Also adding to the company’s growth, Supernola recently closed a Series A investment round for an undisclosed amount led by Midwest-based investors.
According to founder Cindy Poiesz, who left her career in investment banking to start the brand a few years ago, Supernola individual snack packs break the monotony of snack and protein bars that populate most conventional retailer’s snack aisles.
“We’re excited to work with these forward-thinking retailers to help round out their snack portfolio with Supernola’s line of nutrient-dense superfood clusters,” said Poiesz.
An alternative to snack bars
As Poiesz previously told FoodNavigator-USA, “Our clusters are really an alternative to snack bars. Something we talk about all the time with our retail partners is the concept of ‘bar exhaustion’ especially when you get to mainstream grocery.”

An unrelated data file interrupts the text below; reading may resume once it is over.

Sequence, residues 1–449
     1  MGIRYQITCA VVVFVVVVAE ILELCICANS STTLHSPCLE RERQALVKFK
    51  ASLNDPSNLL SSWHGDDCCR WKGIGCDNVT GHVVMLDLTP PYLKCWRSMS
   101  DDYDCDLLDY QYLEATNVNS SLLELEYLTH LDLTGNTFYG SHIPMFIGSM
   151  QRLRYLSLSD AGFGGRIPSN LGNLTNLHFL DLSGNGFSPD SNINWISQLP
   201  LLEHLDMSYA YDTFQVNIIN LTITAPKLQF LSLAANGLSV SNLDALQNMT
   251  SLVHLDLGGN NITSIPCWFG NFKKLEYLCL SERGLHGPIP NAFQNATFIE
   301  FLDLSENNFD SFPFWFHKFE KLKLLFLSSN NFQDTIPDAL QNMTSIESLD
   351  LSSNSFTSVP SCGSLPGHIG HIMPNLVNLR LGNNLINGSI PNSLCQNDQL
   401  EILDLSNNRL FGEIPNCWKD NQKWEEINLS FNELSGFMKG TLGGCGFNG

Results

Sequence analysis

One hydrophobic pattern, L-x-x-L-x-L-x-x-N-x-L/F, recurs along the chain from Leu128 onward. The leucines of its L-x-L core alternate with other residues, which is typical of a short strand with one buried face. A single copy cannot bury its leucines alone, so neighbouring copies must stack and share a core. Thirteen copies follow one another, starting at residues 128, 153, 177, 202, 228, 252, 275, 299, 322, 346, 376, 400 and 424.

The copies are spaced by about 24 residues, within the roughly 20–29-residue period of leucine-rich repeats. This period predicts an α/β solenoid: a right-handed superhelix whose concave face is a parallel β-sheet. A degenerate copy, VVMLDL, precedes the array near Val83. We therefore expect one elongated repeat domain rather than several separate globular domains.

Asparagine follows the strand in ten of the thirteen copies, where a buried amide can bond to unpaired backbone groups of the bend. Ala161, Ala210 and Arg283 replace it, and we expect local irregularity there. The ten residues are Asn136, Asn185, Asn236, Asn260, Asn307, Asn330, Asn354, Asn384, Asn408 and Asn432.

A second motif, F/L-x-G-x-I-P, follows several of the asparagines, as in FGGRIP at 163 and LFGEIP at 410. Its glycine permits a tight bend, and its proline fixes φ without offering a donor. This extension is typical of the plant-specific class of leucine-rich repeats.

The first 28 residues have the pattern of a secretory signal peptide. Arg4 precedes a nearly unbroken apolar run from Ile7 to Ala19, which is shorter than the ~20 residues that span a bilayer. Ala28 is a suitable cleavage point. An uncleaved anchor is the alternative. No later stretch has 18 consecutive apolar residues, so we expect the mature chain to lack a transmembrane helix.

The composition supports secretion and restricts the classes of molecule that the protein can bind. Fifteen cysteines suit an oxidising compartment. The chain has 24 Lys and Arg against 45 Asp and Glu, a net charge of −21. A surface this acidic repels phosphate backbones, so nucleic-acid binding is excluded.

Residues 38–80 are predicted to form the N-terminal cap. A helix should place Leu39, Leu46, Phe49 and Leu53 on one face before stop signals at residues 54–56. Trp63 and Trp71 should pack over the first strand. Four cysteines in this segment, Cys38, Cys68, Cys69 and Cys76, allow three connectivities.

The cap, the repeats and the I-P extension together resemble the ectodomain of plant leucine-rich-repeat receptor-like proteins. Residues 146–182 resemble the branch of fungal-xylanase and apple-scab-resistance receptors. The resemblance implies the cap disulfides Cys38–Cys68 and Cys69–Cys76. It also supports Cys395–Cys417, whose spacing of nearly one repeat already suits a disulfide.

Prior to its Walgreens national distribution, Supernola was primarily sold in natural and specialty retailers, but since the beginning Poiesz always had her eye on mainstream distribution.
According to Poiesz, Supernola’s packs of soft granola clusters “check all the boxes” for consumers in terms of nutrition and ingredients.
The company’s snacks are formulated to be easy on digestion, packed with anti-inflammatory superfood ingredients (goji berries, golden berries, red maca, ground ginger, turmeric, raw honey). The products also tick off other consumer-friendly attributes including certified organic, certified paleo, grain free, dairy free, and non-GMO.
“Right now, it’s really difficult for consumers to get everything that they’re looking for in one snack. And we don’t just have one [health attribute], we have ten. So that’s the strategy we’re taking,” said Poiesz.
Supernola is available in six flavors — banana nut crunch, dark chocolate nut crunch, dragon fruit lemon zest, honey sweet goji, triple berry vanilla, and pineapple ginger fusion — and retail for $2.99 per 1.5-ounce pack.